Scores in the controversial Health Professions Admission Test (HPAT) aptitude test for entry to medicine are down again this year, after changes to reduce the advantage enjoyed by repeat students.
Students in Ireland received their results today, but must await their Leaving Cert points to see if they get a college place. However, the reduction in the top HPAT scores could contribute to an easing of the CAO points for medicine when offers are made in August.
Top performing students this year according to HPAT achieved 212 out of the maximum available 300 points, compared with 217 in 2014, 222 in 2013, 238 in 2012, 242 in 2011 and 223 in 2010. It has been reported to us directly that a number of students have scored higher than 212 in this years exam, however this is unlear from the results graph and no clarification on the matter has been recieved back from HPAT Ireland.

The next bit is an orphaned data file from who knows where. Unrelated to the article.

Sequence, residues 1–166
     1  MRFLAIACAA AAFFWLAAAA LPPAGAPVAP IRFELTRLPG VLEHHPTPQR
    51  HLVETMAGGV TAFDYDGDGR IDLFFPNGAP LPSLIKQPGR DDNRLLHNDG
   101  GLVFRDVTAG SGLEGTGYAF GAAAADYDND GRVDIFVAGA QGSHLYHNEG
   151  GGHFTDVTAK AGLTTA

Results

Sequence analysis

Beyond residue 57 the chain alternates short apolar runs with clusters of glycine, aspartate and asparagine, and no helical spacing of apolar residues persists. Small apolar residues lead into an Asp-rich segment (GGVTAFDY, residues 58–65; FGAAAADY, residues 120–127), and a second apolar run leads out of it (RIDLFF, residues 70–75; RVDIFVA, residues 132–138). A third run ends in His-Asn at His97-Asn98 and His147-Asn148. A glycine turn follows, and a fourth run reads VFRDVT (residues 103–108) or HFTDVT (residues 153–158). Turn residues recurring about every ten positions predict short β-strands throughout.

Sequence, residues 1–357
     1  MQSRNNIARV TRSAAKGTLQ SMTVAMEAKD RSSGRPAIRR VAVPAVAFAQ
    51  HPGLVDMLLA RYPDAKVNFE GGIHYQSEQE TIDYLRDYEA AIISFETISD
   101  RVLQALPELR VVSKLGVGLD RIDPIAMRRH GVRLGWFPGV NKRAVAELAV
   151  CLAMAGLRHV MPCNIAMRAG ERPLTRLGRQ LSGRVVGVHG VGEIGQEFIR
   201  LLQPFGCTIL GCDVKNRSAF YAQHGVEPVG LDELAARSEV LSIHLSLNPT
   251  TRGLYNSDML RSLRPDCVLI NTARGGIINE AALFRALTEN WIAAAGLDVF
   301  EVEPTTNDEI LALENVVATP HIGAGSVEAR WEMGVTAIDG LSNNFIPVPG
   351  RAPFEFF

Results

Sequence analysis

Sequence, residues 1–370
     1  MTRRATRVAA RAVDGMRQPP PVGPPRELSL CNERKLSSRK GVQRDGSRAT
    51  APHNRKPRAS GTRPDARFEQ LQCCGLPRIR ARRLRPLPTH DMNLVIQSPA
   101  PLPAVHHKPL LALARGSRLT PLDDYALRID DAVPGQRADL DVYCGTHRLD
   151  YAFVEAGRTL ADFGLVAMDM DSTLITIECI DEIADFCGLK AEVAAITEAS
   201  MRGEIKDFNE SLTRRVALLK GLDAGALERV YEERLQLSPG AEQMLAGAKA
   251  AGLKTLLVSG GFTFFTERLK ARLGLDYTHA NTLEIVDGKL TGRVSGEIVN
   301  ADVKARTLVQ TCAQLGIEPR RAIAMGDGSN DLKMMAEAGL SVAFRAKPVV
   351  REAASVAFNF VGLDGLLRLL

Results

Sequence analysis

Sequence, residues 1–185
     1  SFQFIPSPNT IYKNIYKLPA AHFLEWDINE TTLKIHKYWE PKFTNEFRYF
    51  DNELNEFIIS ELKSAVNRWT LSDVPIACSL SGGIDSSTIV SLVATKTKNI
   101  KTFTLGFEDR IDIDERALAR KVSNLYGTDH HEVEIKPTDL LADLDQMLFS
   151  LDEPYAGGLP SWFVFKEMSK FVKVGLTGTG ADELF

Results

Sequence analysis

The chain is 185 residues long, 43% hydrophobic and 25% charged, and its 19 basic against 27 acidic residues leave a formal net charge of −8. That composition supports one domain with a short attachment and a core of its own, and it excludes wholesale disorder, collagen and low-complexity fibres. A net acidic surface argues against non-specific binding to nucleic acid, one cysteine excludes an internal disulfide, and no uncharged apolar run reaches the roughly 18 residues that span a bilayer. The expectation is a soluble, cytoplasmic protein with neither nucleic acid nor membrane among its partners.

Entry to medicine is based on a combination of HPAT results, together with the CAO points a student earns in the Leaving Certificate. There is sharp competition for medical school, with about six applicants vying for each of about 450 undergraduate places.
HPAT was supposed to take the heat out of the points race and what had become a stressful chase for a perfect, or near perfect, Leaving Cert result in order to gain entry to medicine. Its introduction in 2009 was intended to broaden access among candidates with an aptitude for medicine, but who, for one reason or another, fell short on points.
However, HPAT did not achieve what it set out to do and points for medicine continued to rise after it was introduced. This was attributed to the skills developed by the high number of candidates sitting HPAT grinds and repeat students, prompting a review that led to the new reforms.
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HPat scores for medical school entry down for second year - Brian Mooney, The Irish Times.
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The CareersPortal Team